Jump to ContentJump to Main Navigation
The Economists' Voice 2.0The Financial Crisis, Health Care Reform, and More$
Users without a subscription are not able to see the full content.

Joseph Stiglitz and Aaron Edlin

Print publication date: 2014

Print ISBN-13: 9780231160155

Published to Columbia Scholarship Online: November 2015

DOI: 10.7312/columbia/9780231160155.001.0001

Show Summary Details
Page of

PRINTED FROM COLUMBIA SCHOLARSHIP ONLINE (www.columbia.universitypressscholarship.com). (c) Copyright University of Minnesota Press, 2021. All Rights Reserved. An individual user may print out a PDF of a single chapter of a monograph in CUPSO for personal use.date: 21 June 2021

Trills Instead of T-Bills

Trills Instead of T-Bills

It’s Time to Replace Part of Government Debt with Shares in GDP

Chapter:
(p.224) Chapter 29 Trills Instead of T-Bills
Source:
The Economists' Voice 2.0
Author(s):

Mark J. Kamstra

Robert J. Shiller

Publisher:
Columbia University Press
DOI:10.7312/columbia/9780231160155.003.0029

This chapter argues that, in parallel with the many other ongoing changes in the US financial structure, the obligations of the national government should take a new and innovative form. It proposes a small-denomination GDP share paying a coupon each year of one-trillionth of that year’s GDP, or about $14.60 at current levels. On this basis, it suggests the name “Trill” be used to refer to this new security. Similar to shares issued by corporations paying a fraction of corporate earnings in dividends, the Trill would pay a fraction of the “earnings” of the United States. Trills would have coupon payments that would rise in an expansion, be of value to investors, and, most importantly, for the U.S. government would decline in a recession with declining tax revenues, in contrast to existing debt vehicles.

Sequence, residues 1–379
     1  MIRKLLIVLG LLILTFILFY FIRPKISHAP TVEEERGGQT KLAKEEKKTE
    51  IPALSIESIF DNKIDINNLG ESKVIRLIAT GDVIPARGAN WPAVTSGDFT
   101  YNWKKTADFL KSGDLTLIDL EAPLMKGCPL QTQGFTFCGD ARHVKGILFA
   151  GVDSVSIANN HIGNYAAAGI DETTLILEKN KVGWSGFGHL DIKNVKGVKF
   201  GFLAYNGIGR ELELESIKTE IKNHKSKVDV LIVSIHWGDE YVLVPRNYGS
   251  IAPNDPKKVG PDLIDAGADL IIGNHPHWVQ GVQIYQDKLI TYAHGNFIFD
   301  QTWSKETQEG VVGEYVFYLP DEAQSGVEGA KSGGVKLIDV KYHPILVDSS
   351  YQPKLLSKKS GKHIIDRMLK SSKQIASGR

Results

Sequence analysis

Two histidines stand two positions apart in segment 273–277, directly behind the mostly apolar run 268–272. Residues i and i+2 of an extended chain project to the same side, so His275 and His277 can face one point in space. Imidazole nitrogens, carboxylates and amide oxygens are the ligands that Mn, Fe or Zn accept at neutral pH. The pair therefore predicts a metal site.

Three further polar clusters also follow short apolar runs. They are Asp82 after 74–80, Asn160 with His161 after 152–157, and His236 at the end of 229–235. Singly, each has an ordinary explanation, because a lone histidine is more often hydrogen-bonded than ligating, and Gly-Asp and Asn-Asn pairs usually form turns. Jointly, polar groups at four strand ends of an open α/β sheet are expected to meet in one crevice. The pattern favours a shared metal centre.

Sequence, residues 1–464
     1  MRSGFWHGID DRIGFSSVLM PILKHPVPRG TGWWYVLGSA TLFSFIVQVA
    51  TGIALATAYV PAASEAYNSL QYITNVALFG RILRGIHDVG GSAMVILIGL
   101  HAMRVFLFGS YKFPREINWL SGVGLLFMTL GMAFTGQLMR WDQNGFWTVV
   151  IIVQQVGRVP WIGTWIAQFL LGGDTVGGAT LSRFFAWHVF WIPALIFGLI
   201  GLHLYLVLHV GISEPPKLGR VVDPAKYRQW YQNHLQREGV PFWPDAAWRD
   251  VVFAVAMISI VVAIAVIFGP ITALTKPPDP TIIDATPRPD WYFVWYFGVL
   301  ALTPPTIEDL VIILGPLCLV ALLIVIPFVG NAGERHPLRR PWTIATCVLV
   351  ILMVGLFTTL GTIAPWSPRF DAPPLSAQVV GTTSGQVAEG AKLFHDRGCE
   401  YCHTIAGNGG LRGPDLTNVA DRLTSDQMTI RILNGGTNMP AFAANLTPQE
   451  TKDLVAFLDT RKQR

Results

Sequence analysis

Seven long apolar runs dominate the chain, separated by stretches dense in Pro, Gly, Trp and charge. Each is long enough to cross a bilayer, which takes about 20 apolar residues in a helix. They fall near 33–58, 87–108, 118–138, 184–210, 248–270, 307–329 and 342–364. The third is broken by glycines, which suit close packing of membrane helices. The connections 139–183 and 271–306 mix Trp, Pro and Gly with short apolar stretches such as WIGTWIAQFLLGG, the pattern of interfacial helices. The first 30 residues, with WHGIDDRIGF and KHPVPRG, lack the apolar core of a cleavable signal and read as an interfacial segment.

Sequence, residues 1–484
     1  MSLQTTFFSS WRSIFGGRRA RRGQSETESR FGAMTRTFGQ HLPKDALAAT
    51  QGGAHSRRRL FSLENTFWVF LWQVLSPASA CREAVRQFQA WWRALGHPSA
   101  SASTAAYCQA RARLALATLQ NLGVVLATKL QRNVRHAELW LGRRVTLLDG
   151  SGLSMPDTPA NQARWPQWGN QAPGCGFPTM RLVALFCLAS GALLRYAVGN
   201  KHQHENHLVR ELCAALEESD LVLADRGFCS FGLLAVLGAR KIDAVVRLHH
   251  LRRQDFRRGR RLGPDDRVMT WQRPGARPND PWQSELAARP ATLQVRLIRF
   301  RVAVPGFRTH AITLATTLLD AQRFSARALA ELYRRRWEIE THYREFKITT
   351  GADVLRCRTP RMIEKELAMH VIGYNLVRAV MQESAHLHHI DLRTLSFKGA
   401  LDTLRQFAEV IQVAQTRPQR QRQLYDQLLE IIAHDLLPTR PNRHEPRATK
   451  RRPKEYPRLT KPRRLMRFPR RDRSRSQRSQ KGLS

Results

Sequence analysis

Keywords:   government obligations, government debt, national government, Trills, GDP securities, coupon payments

Columbia Scholarship Online requires a subscription or purchase to access the full text of books within the service. Public users can however freely search the site and view the abstracts and keywords for each book and chapter.

Please, subscribe or login to access full text content.

If you think you should have access to this title, please contact your librarian.

To troubleshoot, please check our FAQs, and if you can't find the answer there, please contact us .